Every once in a while a truly compelling #Drama series comes along. It demands to be seen as it does so much more than simply entertain. It moves you. It informs you. It challenges you. It’s the type of #TVSeries that so many have been asking for, for various reasons, but upon being given just that, they turn a blind eye.
The upcoming third season of the ABC Studios series American Crime looks like it’s ready to draw you in with complex issues and moral questions, all the while giving you an opportunity to look at the world from several different perspectives. You may even discover that broadcast TV can still consistently deliver well-made content in a single series.
The hallmark of this #Anthology series, created by John Ridley, is the types of issues tackled. While there are several issues that are typically the focal point of any given season, that doesn’t stop Ridley and his team of writers, among the various creative voices involved in bringing this series to life, from weaving many others in and out of the limited number of episodes of a given season. In past seasons, issues such as race, class, sexual assault, and the justice system have been explored. Along with those, issues such as drug use and sexuality came in as just as important, but almost in a supporting manner. What made the presentations of these issues, and many others that I may have missed or forgotten, and how very well defined characters responded to them work, was that there was never always a clear idea of what was right and wrong. While that may sound strange and contrary to what you know, it makes sense when you think about it from a narrative point of view. Yes, certain issues, like whether or not ones mother is a racist and in denial, are easy to spot, and it wouldn’t be hard to get a consensus on this, but often times it’s not as clear or simple. Whether it’s clear or not, the exploration doesn’t stop there. You’re given numerous chances to look at the characters and see how and why they may or may not be responding to something. In so many ways, Ridley and his writers are making you do some actual work. They won’t just hand it to you. We also see this in a different narrative form. What the truth is. So many questions are posed, but not all get answers. You have enough information, now it’s your turn to make as informed a decision as you possibly can. Maybe it’ll come quickly, or maybe it won’t come at all. Perhaps you’ll be satisfied with your conclusions, or you could find yourself having a back and forth conversation as you continue to deconstruct all that was presented to you in that season.
With this third season, based on the trailer, it appears that audiences will be exploring the world of labor, workers’ rights, and even, if that small bit of the trailer is any indication, addiction. I have a feeling that labor, and its many types, and the rights of the individual worker, will take center stage. So much seems to happen, most of it negative, of course, that all points back to how those that do manual labor are treated. I can’t say I wasn’t shocked and a bit disturbed. I was. If I’m already responding like this from a short trailer, how am I going to respond when watching the entire season? I’m also wondering, what other issues could be present, even in small and quick flashes, but just as dramatic and impactful? Looking back on what I said in the previous paragraph, I’m curious and excited to see what Ridley and his writers have planned. It’s certainly one of the reasons I fell in love with this show and hope others give it a chance.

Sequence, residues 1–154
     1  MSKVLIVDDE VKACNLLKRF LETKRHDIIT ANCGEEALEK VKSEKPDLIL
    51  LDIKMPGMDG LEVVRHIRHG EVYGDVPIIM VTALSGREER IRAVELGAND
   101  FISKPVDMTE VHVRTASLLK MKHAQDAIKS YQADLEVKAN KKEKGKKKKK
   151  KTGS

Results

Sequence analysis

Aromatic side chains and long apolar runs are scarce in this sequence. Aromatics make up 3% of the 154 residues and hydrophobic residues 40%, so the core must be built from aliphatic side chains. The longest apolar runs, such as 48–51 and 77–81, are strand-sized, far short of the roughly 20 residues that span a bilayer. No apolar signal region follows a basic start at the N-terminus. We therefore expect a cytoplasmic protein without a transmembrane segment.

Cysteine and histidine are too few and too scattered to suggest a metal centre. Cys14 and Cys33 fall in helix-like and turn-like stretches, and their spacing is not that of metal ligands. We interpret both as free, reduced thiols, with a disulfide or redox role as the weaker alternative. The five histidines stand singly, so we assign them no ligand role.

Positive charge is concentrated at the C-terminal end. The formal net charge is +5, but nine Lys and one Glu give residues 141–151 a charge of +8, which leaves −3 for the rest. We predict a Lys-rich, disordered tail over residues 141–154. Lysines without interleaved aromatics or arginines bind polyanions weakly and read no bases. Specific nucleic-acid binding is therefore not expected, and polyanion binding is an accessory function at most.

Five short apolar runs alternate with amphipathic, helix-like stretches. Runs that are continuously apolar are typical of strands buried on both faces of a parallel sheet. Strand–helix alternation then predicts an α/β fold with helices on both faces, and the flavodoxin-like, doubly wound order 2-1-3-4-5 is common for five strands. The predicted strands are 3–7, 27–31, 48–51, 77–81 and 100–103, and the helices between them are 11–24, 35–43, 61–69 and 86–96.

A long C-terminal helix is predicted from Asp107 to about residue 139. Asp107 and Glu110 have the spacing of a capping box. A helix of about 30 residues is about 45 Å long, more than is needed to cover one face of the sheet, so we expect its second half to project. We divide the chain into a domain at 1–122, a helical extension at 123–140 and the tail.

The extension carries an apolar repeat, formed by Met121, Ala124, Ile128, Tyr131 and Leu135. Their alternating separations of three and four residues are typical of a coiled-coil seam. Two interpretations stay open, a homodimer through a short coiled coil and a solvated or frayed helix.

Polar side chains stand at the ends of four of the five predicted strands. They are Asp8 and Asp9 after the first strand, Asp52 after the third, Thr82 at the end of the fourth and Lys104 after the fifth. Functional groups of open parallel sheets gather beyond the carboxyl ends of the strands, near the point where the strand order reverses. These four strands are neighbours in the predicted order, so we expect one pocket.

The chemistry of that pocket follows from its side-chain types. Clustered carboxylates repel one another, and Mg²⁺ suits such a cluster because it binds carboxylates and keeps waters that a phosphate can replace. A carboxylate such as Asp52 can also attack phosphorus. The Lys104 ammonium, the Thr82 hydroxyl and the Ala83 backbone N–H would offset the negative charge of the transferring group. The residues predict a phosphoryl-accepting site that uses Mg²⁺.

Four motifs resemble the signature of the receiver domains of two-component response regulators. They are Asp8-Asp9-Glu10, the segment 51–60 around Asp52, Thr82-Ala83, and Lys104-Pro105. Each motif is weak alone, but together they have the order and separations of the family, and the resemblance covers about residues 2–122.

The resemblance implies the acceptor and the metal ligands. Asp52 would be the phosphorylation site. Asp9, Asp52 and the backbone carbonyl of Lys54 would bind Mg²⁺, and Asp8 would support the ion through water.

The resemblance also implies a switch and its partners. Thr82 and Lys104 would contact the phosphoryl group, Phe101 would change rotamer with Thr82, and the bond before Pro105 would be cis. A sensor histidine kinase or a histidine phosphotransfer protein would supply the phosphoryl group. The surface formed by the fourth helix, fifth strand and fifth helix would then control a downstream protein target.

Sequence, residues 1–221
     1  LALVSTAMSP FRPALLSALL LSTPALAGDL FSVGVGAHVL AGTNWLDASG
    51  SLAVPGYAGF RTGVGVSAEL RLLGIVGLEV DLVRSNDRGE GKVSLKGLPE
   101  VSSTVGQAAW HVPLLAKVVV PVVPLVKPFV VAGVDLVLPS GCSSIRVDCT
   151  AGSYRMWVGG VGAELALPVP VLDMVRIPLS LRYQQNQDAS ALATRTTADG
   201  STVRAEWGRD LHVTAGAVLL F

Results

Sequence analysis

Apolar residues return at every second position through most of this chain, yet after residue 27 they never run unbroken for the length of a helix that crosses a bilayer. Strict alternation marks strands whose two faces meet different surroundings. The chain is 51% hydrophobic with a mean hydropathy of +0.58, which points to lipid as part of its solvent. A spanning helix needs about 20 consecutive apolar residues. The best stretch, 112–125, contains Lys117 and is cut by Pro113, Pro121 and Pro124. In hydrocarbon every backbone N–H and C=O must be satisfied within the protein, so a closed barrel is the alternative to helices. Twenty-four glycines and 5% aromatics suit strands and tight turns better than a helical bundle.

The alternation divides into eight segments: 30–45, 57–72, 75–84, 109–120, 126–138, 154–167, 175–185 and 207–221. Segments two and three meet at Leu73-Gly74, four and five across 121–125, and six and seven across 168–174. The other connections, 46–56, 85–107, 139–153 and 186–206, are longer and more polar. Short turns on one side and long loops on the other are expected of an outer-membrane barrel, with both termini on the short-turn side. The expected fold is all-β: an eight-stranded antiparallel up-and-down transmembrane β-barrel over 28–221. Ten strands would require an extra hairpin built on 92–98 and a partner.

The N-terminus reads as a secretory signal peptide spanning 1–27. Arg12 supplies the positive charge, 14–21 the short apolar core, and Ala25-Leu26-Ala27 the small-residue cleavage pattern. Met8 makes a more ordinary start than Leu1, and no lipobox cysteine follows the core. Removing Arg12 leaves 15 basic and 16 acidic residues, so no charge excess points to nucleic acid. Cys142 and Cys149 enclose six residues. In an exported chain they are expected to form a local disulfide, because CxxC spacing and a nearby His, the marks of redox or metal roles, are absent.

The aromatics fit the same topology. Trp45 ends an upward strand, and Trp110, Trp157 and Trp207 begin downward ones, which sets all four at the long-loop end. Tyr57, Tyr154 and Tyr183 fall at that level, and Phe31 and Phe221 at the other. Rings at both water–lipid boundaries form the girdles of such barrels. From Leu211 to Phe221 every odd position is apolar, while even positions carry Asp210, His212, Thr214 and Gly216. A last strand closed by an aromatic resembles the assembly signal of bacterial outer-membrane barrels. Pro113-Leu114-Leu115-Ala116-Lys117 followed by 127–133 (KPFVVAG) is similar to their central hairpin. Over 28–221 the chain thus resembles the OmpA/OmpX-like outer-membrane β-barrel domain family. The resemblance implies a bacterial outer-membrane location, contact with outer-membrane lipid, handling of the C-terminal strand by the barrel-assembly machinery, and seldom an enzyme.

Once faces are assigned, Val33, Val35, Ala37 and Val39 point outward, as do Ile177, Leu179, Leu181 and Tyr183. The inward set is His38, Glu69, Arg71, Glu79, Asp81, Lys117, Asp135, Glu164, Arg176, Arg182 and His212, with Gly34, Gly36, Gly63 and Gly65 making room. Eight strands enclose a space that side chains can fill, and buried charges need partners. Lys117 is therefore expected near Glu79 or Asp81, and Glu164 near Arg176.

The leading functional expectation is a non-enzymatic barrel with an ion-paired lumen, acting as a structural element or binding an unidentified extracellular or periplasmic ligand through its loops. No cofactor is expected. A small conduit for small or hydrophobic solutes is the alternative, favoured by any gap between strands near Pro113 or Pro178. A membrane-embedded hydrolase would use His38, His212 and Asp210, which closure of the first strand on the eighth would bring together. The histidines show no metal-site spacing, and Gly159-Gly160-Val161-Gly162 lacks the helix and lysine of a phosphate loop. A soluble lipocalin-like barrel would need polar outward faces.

Speaking of responding, I can’t skip this part. The responses you have, will shape how you watch this show, and yes, interact. It’s not an interactive show, in whatever other way that term can take on, but you can’t really avoid getting involved. You’re not so much invited to participate, as thrust right in. You’re just another person in this particular world. One who’s witnessing all sides and forming an opinion. Think less astral projection and more Charles Dickens. When I first went into this series with season one, around Christmas of 2015, I wasn’t sure what to expect. All I knew was that many critics had praised it so highly. The surprise came when I found myself repeatedly pushing pause on a given episode, and having a conversation with myself on what I’d just witnessed. Sometimes this would go on for several minutes. With season two I used the commercial breaks for this, and even then, I wasn’t done thinking. I was taking the many views expressed, some I already knew and agreed with, and turning them inwards. I wasn’t so much forcing myself to reevaluate everything I thought I believed in, but wanting to. I couldn’t stop myself. It just happened. I wanted to see if I could learn something and maybe incorporate it into the way I perceived any and all of the issues depicted, or the way I argued about them.
To get a response like this, each and every week, and be entertained and amazed by the performances, is nothing short of brilliant. It truly is a rare feat for that to be achieved time and again.
Having a series tackle serious and important issues is great, but if it weren’t for the incredible performances, from the various talented actors that appear in this series, none of it would mean that much. Each actor, as is the anthology formula, plays different characters each season. Which is why, as we head into season three, once more audiences will witness powerful and nuanced work from Felicity Huffman, Timothy Hutton, Regina King, Lili Taylor and Richard Cabral. Each character they’ve played thus far has been as deep, complex, and flawed as the other, and has managed to skirt the line between good and bad. Because of this, you’re left to determine where you believe each one falls, particularly when you weigh the overall narrative and many subplots of a given season. Again, Ridley and co. don’t want you to be a passive audience member.
The thing that makes these characters and performances so great, isn’t my say so, which hopefully carries a little bit of weight, is that like with the issues themselves, you respond. Mind you, that’s really the hope of any show. Here, it’s not because you’re only responding to the issues, and barely looking at the characters that are making it possible for the many issues to be exemplified. At least, I hope not. It’s that you’re able to see them. Maybe not agree or understand them, but see and make some sort of effort based on that. This is truly where the actors work hard for their money and for the audience.